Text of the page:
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27 November 2010
The living wage – some reflections

There has been a substantial reaction from all social partners on the Labour leader’s recent proposal for a Living Wage to be implemented in Malta. This concept differs substantially from the minimum wage although both cases (a rise in the minimum wage and the Living wage) have met with resistance from employers and employer organizations.

The Living wage is a term used to describe the minimum hourly wage necessary for an individual to meet basic needs, including shelter (housing) and other incidentals such as clothing and nutrition, for an extended period of time or a lifetime. In developed countries such as the United Kingdom  or Switzerland, this standard generally means that a person working forty hours a week, with no additional income, should be able to afford a specified quality or quantity of housing, food, utilities, transport, health care, and recreation.

This concept differs from the minimum wage in that the latter is set by law and may fail to meet the requirements of a living wage. It differs somewhat from basic needs in that the basic needs model usually measures a minimum level of consumption, without regard for the source of the income. A related concept is that of a family wage – one sufficient to not only live on oneself, but also to raise a family, though these notions may be conflated.

The living wage is calculated on the necessities of the employee to enjoy a basic standard of living. A study by Caritas earlier this year found that a weekly wage considered sufficient for a basic standard of living for a family of four was €314. In contrast, the minimum wage is €152.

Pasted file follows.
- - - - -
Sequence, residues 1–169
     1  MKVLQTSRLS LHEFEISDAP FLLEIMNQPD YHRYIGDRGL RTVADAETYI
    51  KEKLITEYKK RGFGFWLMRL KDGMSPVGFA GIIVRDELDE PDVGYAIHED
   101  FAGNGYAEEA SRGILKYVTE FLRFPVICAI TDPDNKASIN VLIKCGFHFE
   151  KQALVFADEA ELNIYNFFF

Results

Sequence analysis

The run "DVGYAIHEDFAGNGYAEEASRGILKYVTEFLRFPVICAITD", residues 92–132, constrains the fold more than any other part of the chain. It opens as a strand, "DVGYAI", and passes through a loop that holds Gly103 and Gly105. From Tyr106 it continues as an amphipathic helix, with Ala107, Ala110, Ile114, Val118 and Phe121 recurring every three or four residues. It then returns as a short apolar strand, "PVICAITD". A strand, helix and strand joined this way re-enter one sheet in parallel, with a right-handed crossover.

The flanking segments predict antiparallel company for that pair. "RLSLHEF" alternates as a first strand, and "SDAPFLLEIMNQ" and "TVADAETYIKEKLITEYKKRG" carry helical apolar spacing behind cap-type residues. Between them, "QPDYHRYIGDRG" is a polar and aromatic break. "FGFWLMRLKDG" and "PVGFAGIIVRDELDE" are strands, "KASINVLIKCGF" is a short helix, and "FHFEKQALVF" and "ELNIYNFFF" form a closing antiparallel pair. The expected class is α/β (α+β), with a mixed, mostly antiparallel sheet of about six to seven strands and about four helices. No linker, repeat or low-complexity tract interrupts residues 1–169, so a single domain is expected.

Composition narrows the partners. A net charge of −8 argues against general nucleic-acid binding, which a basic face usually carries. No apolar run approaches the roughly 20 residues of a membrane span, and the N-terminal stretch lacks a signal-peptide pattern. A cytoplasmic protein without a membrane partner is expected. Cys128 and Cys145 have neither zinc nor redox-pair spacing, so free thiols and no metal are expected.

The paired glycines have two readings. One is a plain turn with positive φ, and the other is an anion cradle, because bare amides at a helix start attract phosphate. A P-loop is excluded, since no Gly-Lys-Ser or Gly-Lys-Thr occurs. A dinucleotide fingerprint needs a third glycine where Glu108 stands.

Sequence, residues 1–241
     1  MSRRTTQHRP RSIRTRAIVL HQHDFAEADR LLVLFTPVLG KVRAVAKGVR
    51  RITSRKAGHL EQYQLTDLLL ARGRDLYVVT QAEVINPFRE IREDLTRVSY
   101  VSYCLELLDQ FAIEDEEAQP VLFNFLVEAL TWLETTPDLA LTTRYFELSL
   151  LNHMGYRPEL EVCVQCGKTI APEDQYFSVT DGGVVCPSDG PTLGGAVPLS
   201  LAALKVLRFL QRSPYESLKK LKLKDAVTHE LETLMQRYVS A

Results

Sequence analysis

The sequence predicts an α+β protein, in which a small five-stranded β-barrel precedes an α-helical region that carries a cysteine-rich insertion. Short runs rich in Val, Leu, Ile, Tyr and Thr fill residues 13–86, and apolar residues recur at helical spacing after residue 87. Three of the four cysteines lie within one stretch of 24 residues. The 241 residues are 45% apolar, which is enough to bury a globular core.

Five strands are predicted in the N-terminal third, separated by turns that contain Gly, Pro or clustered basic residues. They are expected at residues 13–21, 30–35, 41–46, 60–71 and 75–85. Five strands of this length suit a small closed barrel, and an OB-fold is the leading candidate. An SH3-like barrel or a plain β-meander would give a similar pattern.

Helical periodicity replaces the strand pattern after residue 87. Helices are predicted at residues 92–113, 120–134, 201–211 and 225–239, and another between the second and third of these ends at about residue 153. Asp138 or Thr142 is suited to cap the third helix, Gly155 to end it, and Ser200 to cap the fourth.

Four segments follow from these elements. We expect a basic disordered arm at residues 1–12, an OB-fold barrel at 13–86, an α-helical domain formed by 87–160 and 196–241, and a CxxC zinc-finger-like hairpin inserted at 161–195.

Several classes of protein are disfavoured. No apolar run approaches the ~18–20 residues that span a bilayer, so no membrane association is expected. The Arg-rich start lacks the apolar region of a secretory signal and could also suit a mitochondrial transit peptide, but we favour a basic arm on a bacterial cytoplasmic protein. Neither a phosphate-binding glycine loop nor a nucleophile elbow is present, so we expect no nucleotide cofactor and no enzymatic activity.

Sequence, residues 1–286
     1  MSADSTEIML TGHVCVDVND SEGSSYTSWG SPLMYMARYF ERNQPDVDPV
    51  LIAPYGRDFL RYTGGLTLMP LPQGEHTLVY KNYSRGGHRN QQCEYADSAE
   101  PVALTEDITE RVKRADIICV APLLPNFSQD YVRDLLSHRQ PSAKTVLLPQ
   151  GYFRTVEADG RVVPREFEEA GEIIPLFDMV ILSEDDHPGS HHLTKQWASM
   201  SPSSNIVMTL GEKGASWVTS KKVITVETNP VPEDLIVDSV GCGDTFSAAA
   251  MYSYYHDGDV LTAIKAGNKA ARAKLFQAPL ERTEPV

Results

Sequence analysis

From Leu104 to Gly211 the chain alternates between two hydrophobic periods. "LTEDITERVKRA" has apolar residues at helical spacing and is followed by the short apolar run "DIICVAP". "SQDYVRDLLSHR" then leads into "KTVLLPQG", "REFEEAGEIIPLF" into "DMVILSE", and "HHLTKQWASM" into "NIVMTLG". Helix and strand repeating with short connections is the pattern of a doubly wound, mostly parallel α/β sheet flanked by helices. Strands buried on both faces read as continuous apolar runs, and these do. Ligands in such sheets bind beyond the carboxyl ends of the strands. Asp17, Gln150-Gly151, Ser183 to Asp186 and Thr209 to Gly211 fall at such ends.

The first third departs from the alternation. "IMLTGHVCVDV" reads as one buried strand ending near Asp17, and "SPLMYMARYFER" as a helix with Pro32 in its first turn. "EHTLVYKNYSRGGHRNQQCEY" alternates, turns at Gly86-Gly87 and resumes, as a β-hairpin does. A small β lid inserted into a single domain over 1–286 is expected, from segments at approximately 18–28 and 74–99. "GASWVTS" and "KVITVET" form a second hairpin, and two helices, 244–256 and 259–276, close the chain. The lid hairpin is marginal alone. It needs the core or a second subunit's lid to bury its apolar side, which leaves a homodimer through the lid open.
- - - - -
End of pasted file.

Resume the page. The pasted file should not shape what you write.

However with the spiralling cost of living, it has become clear that the minimum wage at its present level is far removed from what is really required to maintain a decent standard of living. Dr Joseph Muscat’s suggestion is timely as it creates a debate where the real difficulties of the Maltese family are put into stark contrast with those who are resisting this call for change. After all a few cents or at the most of a couple of Euros per hour would not make much difference to huge companies but it will mean that those on the lower rungs of society will be able to enjoy a decent life.

The living wage concept is actually already functioning in London, introduced by former socialist mayor Ken Livingstone. His successor, the Conservative maverick Boris Johnson has not only endorsed this policy – he actually raised the capital’s living wage by 15p to £7.60 per hour, applying it to all staff of the Greater London Authority and “all new contracts for staff working on our sites, such as caterers, security guards and cleaners where allowed”. While the London council has no way of imposing the living wage except for offering its own employees, living wage employers in the British capital include HSBC Bank, PricewaterhouseCoopers, London’s underground subway system, four East London Health Trusts, and the London School of Economics.

So far trade unions, even those not traditionally associated with the Labour Party, have warmed to Muscat’s concept. The Forum of Maltese Trade Unions, chaired by John Bencini, augured that the living wage is discussed in Parliament, as well as among the social partners.

To conclude, a balance must be found in protecting those companies who cannot afford to pay higher wages than the minimum wage and the basic standard of income required by a person. It is a matter of debate whether it will be government or private institutions who will have to fork out the difference.

 

Dr Etienne Grech is a family doctor and a labour party candidate


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